Pandemic school reopenings weren’t just about politics

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Almost as soon as some schools reopened for in-person learning in fall 2020, research suggested a tidy, if bleak, conclusion to why they did it: politics. Early analyzes indicated that Covid-19 health factors had virtually nothing to do with reopening decisions, and partisan politics could explain nearly all of the variation.

There were early signs that this account didn’t tell the whole story. If allegiance to former President Donald Trump (in schools that opened) or to teachers’ unions (in those that remained closed) was all that mattered, why support for reopening schools? also falling among Republican voters during the summer? And what about the conflicting recommendations from the Federal Departments of Health and Education at the time? Nevertheless, the idea that Covid-19 was not a real factor was repeated by some of the countries most influential journalists and the media, and presented as if the question was generally settled.

This is typical of policy research: the first waves of data attract a lot of attentionand can ossify rapidly in conventional wisdom. When subsequent, often deeper, investigation reveals alternative or more nuanced explanations, it tends to receive far less attention.

This is what is happening with research on school closures. More recent studies have shown that, far from irrelevant, Covid-19 indicators are among the central factors predicting whether schools reopen.

The researchers say they still haven’t fully understood how other factors – like school governance and parental preferences – influenced Covid-19 school decisions. A new study, recently published by two education researchers at George Mason University, replicates some previous findings and explores potential new variables. Overall, this continues to add to a more complex picture than early scans suggested.

This debate may seem pointless: schools have resumed in-person learning this school year, and parents largely report Satisfaction with their child’s progress. But the consequences of these decisions persist. Many educators say things have not back to normal yet. Empirical research suggests that some of the most negative academic effects were lived disproportionately by low-income students and students of color. Additionally, future pandemics remain a threat, and district leaders may one day again be accused of navigating similar circumstances.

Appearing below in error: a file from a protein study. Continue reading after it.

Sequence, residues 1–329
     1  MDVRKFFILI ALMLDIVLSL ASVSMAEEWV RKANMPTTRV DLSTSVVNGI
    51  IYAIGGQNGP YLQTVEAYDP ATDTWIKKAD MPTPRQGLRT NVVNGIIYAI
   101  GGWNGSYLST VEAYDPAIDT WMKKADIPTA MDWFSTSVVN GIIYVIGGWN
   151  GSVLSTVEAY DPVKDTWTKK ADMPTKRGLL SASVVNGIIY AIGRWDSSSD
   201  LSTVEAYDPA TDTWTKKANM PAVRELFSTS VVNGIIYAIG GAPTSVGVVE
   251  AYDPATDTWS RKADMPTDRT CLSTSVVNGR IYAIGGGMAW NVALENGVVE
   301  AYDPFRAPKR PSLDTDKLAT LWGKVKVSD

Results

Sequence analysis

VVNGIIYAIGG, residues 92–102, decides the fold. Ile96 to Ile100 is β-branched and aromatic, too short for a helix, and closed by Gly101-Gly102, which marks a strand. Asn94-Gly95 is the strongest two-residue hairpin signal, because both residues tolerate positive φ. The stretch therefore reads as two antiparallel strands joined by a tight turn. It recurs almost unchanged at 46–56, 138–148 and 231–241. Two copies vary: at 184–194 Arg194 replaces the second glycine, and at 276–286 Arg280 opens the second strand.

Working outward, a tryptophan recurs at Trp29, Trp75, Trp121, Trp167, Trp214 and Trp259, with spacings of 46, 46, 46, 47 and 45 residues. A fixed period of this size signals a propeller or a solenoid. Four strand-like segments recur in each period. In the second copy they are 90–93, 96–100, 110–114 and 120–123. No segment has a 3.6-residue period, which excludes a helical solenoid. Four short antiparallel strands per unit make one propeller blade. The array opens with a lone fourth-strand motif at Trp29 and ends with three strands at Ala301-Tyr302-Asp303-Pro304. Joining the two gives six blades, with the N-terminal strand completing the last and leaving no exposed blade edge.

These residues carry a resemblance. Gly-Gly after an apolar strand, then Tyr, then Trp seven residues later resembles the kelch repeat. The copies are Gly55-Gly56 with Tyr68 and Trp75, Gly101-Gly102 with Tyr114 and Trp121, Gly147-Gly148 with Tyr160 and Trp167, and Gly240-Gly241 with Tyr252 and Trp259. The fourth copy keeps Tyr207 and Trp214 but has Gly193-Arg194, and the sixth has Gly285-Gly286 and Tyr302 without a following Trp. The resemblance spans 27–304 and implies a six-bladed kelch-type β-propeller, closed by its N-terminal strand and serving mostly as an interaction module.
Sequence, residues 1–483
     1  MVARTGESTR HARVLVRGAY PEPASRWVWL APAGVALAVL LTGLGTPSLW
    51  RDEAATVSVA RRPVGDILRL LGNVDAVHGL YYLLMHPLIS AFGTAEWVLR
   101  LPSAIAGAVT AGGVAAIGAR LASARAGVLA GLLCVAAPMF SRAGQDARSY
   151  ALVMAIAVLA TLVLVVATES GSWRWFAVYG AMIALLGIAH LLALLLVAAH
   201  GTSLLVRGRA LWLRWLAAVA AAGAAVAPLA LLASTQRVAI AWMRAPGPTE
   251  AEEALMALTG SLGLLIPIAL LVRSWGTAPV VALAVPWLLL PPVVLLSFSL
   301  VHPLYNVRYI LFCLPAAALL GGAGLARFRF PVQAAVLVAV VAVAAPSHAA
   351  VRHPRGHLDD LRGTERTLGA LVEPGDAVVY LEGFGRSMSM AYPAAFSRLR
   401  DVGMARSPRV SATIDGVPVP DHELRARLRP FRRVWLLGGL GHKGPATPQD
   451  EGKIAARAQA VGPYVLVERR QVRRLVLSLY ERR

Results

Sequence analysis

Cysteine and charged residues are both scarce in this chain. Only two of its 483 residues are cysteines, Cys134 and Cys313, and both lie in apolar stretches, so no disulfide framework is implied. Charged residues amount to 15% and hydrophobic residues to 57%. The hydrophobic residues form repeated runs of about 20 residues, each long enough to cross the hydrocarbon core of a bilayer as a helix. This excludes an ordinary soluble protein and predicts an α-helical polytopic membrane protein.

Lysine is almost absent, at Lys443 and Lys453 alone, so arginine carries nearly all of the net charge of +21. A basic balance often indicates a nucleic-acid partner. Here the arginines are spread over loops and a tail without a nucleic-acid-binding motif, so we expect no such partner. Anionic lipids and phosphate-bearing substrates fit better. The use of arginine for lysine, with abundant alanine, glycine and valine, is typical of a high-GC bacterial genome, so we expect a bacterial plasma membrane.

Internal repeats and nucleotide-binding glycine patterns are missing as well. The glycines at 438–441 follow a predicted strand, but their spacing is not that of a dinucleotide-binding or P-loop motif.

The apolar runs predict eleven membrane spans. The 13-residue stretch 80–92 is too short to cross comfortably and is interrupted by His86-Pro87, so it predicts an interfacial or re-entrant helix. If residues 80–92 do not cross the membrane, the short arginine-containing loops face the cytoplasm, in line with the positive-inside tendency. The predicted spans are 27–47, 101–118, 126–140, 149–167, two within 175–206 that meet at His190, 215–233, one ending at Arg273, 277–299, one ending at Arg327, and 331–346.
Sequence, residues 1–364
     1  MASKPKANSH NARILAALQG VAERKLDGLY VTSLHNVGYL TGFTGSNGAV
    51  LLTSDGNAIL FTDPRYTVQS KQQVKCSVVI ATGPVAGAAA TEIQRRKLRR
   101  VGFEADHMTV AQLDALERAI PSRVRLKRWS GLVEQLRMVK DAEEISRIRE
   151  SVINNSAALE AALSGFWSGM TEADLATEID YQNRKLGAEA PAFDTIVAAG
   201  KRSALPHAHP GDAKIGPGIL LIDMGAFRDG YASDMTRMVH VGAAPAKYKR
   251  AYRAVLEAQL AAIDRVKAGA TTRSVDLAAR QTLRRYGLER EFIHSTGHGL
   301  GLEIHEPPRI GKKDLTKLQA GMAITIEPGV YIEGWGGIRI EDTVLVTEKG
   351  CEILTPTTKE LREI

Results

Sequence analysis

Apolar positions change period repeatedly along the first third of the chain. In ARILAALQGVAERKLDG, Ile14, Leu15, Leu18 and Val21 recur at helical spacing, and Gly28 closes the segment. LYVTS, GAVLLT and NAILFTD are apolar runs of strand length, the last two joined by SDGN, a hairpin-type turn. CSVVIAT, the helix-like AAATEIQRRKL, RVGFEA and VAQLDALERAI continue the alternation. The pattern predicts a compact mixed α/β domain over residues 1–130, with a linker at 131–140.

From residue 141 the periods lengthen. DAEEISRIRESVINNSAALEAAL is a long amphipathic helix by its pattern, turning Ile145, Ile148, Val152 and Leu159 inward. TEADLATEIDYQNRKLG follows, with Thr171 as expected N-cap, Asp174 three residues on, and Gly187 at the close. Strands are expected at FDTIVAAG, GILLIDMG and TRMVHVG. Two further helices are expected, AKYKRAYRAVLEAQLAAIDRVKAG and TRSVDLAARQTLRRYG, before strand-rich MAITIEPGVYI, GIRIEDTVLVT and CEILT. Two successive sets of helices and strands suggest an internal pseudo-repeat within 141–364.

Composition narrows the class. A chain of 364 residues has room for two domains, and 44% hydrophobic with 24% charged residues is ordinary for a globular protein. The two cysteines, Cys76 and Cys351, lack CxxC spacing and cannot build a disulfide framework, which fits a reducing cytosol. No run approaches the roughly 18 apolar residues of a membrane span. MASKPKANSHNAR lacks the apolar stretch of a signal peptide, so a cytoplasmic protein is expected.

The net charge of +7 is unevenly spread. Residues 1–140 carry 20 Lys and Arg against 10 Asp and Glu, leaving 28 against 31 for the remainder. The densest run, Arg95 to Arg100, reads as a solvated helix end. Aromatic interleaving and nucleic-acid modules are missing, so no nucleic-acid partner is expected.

New study confirms school opening decisions were complicated

The narrative that school reopening decisions were all about politics came to fruition early. One of the first evidence came from a Brookings institution blog post published in July 2020, where lead researcher Jon Valant found “no relationship” between school districts’ reopening plans and their per capita Covid-19 cases, but a strong one between districts’ plans and level-level support of the county to Trump in the 2016 election. The implication was that communities that take a cue from then-President Trump were more willing to return to in-person teaching.

Additional research emerged in the following months reiterating that health issues were not a significant factor. “We find evidence that politics, much more than science, has shaped school district decision-making,” concluded political scientists Michael Hartney and Leslie Finger. in an October 2020 analysis.

But over time, and more schools have reopened, the situation has become more complicated. A July 2021 Analysis compared fall 2020 reopening factors to spring 2021 reopening factors. Tulane economists Douglas Harris and Daniel Oliver found Covid-19 rates to be an important predictor of school reopenings in the fall. Over time, the role of political and health factors diminished, Harris and Oliver observed, while the demographics of a given community remained an important predictor throughout the year. (This was tricky, they note, given “the close interplay between demographics, parents’ work situations, and COVID-related health risks.”)

The latest addition to the research literature was published this month by two George Mason professors, Matthew Steinberg and David Houston. Their work document – which has not yet been peer-reviewed – confirmed some of the main findings of previous studies: higher rates of in-person teaching in fall 2020 occurred in areas with weaker unions and that leaned Republican, and Covid-19 rates were correlated with reopening decisions.

The new article examines how factors predicting in-person schooling changed during the 2021-2021 school year. Covid-19 case and death rates, political partisanship and the strength of teachers’ unions have become “less powerful predictors” over time. Over the year, Steinberg and Houston also observed that communities with histories of higher standardized test scores were much more likely to reopen school buildings than their lower-performing counterparts.